Male Violence

Why our work is important Danny Blay talking about the profound impact of male violence on women, children and our community. Watch the short video HERE, follow Danny on Twitter HERE

1 in 5 men report committing domestic violence

“Twenty percent of American men report “pushing, grabbing, shoving, throwing something, slapping or hitting, kicking, biting, beating up, choking, burning or scalding, or threatening a partner with a knife or gun.” But no doubt more than 20 percent are responsible for the roughly 320,000 outpatient health visits and 1,200 deaths among women due to intimate partner violence that occur in the U.S. each year.

“When people think of men who abuse their partners, they often think of violent people who they have never come across,” Singh said. ”However, our study showed one out of every five men in the U.S. reported physical violence toward an intimate partner. It’s likely that we’ve all met these men in our daily environment. This is an issue that cuts across all communities, regardless of race, income, or any other demographics”.” READ MORE

The overwhelming maleness of murder

“Rodger’s spree was not a result of mental illness, or the pressure to be masculine placed on him by society – instead, it was the result of the culture of male privilege that exists in society, a culture that made Rodgers feel as though he was entitled to a woman’s attention and love. When he did not receive this attention, or felt as though others were undeservedly receiving it, he acted with violence and anger. As a white-passing, middle-class male, he was used to getting what he wanted – and when he didn’t get something he believed he deserved, simply for being a man, the results were catastrophic. Although Cerys Marie Yemm’s murder happened in another country and under different circumstances to Rodger’s spree, it is difficult to not connect the two, in the same way that it is difficult to not connect all murder cases that involve a white male killing a woman.” READ MORE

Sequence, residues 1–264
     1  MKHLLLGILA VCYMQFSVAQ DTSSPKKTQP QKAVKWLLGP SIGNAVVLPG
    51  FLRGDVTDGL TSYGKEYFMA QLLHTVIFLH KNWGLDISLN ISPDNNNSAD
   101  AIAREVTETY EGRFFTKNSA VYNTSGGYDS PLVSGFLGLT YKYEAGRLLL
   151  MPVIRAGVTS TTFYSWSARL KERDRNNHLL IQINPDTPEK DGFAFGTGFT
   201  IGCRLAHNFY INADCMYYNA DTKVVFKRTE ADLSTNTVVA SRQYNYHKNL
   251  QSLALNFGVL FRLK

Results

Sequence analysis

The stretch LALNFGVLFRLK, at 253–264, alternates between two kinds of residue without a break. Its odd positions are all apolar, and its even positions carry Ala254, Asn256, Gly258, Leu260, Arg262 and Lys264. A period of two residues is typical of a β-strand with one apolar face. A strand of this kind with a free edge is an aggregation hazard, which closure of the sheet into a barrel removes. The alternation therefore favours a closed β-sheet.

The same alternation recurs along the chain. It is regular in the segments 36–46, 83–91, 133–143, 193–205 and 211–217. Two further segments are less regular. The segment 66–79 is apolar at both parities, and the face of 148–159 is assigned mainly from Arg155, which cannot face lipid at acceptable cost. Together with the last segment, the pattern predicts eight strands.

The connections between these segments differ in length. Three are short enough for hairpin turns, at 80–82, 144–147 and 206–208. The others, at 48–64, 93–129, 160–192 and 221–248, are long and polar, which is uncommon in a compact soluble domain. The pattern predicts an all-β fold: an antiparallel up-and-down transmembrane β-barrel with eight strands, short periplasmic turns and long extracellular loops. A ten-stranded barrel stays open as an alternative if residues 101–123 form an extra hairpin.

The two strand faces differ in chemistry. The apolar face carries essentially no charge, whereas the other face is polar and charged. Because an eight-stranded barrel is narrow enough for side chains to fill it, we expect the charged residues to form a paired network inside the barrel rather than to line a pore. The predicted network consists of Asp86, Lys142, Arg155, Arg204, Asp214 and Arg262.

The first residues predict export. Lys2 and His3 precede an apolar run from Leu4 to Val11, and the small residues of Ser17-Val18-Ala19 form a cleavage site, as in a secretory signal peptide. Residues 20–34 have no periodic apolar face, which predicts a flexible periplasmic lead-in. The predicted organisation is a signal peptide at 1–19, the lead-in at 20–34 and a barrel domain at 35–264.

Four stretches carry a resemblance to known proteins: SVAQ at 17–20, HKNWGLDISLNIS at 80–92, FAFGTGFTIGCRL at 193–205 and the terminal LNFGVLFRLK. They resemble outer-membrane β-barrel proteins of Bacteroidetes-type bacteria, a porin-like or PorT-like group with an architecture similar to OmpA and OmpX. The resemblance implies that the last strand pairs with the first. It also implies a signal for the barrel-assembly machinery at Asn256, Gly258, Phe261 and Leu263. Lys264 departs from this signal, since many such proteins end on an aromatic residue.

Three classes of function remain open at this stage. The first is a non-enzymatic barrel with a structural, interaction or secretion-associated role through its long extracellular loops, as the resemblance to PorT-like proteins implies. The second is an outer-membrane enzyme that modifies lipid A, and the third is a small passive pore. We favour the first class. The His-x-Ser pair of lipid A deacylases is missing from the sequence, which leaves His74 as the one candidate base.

Porn and domestic violence: NSW police says respect for women from young men is crucial

“Pornography is fuelling an increase in the number of young people committing acts of domestic violence, one of the state’s top cops says.

NSW Police assistant commissioner Mark Murdoch said teaching young men how to respect women was a critical “battle front” in the fight against domestic abuse.” READ MORE

“I think every girl is a type of slut”: what an attempted mass murderers words reveal about our sexual culture

“…we should be alarmed that these outlier men are driven by attitudes that are everything but outlying. We should be concerned when a mass murderer’s — or attempted mass murderer’s — manifesto reflects widespread beliefs. The rants about girls not going for nice guys and the bile directed at women for being slutty? It’s all utterly familiar. Take away the actual threats of murder and these remarks could just as easily have come from an unremarkable college virgin, hapless online dater or Salon commenter — sorry, but it’s true! — as Moynihan, Rodger or Sodini. In fact, you can even leave inthe threat of violence and still have something uncannily resembling what many women encounter daily online, if not also in the real world.

I’m not sure that there has ever been a clearer expression of the deeply fucked-upedness of our attitudes toward sex.

At the root of all this is male sexual entitlement and the desire to control female sexuality. That has been going on since the dawn of time and it continues today in all sorts of sickly ingenious ways — from blaming women for their own sexual assaults to restricting access to birth control and abortion. It’s no surprise that as women have gained greater sexual autonomy, a certain kind of man has gotten much, much angrier. By “a certain kind of man,” I mean any man who has been poisoned by our culture’s toxic masculinity, and who doesn’t get that to which he feels so entitled (read: any woman he wants).” READ MORE

maxx & DGR


Images – Women’s rights advocate Maxx Arturo

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